DUBAI (Reuters) -Tropical Cyclone Shaheen killed four people as it slammed into Oman on Sunday with ferocious winds and heavy rain, flooding streets, prompting evacuations from coastal areas and delaying flights to and from the capital, Muscat.
As the cyclone approached, a child who had been swept away by water was found dead, the state news agency said, and another missing person was also found dead. Two Asian workers were killed when a hill collapsed on their housing area in an industrial zone, the state news agency reported.
When its eye crossed land, the cyclone was carrying winds of between 120 and 150 km per hour (75-93 mph), Omani authorities said. It was throwing up waves of up to 10 metres (32 feet).
Video footage from Omani broadcasters showed vehicles submerged as people tried to make their way through muddy brown floodwater.
Part of the eyewall of the storm, where the most severe weather occurs, had entered Al Batinah South governorate, the state news agency said. The eye also entered between the states of Musanah and Suwaiq.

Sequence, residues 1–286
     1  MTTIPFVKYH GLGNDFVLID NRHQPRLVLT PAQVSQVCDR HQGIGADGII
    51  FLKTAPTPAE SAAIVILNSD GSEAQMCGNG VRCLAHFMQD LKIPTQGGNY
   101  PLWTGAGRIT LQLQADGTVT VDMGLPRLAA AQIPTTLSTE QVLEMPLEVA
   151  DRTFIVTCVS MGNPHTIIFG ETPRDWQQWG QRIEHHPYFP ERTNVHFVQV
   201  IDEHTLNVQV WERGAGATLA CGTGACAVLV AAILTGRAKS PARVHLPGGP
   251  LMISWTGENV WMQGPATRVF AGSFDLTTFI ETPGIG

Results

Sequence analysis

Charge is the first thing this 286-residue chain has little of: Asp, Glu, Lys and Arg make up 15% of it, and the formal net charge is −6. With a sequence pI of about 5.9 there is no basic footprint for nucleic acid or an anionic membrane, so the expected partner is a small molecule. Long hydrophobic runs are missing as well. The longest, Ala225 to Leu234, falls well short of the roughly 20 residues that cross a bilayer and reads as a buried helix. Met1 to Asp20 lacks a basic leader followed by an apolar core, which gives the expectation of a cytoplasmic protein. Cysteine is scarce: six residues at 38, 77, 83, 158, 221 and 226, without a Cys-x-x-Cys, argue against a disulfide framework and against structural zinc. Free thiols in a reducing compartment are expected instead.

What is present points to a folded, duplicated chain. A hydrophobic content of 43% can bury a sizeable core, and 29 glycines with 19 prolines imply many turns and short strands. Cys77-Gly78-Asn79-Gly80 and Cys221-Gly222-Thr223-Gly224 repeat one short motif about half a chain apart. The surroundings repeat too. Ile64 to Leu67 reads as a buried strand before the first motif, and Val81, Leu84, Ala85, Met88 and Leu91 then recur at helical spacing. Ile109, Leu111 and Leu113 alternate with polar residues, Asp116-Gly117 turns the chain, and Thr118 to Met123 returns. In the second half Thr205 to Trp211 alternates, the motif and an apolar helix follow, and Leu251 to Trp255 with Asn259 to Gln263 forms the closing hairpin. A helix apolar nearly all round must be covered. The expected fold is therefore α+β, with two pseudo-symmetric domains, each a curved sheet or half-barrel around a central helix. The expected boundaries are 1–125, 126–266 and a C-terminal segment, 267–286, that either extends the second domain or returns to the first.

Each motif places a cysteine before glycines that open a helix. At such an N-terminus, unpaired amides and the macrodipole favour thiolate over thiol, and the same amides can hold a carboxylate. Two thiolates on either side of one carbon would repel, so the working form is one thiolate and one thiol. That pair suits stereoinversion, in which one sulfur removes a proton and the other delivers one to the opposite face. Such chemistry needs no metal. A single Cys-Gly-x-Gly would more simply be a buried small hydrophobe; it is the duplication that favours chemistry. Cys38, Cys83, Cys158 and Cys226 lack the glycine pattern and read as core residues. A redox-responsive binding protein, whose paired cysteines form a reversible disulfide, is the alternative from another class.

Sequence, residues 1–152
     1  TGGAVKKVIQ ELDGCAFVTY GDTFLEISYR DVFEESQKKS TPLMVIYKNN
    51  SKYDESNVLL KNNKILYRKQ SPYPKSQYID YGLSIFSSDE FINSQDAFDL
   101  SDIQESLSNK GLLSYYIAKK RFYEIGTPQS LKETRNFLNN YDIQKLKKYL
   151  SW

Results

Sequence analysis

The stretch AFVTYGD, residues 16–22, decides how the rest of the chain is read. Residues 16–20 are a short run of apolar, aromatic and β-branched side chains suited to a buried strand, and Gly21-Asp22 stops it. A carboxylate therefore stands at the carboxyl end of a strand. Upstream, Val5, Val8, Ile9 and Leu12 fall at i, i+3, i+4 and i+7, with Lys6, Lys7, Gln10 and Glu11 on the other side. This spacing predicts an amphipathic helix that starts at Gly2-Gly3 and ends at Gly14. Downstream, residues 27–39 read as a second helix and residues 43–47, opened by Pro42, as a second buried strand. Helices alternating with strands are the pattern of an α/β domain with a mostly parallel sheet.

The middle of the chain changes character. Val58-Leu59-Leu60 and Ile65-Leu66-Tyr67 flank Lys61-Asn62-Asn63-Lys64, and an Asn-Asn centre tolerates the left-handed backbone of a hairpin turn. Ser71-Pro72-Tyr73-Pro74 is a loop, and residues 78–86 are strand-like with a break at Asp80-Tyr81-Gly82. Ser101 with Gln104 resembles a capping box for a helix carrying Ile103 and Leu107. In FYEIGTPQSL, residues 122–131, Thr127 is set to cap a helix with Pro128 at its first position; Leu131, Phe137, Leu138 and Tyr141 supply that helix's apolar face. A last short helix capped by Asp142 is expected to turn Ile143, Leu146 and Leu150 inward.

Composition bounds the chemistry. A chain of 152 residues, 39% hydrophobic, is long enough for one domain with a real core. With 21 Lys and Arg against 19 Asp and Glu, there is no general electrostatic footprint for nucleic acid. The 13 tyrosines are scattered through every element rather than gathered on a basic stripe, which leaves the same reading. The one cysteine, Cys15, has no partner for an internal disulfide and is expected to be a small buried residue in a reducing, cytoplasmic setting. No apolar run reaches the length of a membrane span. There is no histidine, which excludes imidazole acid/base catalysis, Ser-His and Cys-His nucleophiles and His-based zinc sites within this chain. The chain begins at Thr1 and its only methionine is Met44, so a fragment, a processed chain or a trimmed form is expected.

Up to 500 cm (20 inches) of rain was expected in some areas, raising the risk of flash floods.
Cyclones steadily lose their power over land and Shaheen was downgraded to a tropical storm after it cleared the ocean, the meteorology service said on Twitter.
The national emergency committee said the power supply would be cut in al-Qurm, east of the capital, to avoid accidents. More than 2,700 people were put up in emergency shelters.
Most of the oil-exporting country’s five million people live in and around Muscat. Authorities said roads in the capital would be open only to vehicles on emergency and humanitarian work until the storm dies down.
A wooden ship sank at Sultan Qaboos Port and its crew was rescued, the National Committee for Emergency Management said on Twitter.
PRECAUTIONS IN UAE, SAUDI ARABIA
In the United Arab Emirates, authorities said precautionary measures were being taken. Police were moving to ensure safety with patrols near beaches and valleys where torrential rains were expected.
Government and private sector employees in the city of Al Ain on the border with Oman had been urged to work remotely on Monday and authorities called on residents to avoid leaving home except for emergencies, the Abu Dhabi Government Media Office said.
“Authorities are working proactively around the clock to evaluate residential units in expected affected areas and transport families to safe locations until it is safe to return,” it said.
Saudi Arabia’s civil defence authorities called for caution in several regions from Monday to Friday in expectation of high winds and possible flooding, the state news agency reported.
(Reporting by Maher Chmaytelli, Nadine Awadalla, Enas Alashray, Ahmed Elhamy, Nayera Abdallah and Omar FahmyWriting by Nadine Awadalla and Michael GeorgyEditing by Emelia Sithole-Matarise, Philippa Fletcher, Catherine Evans and Frances Kerry)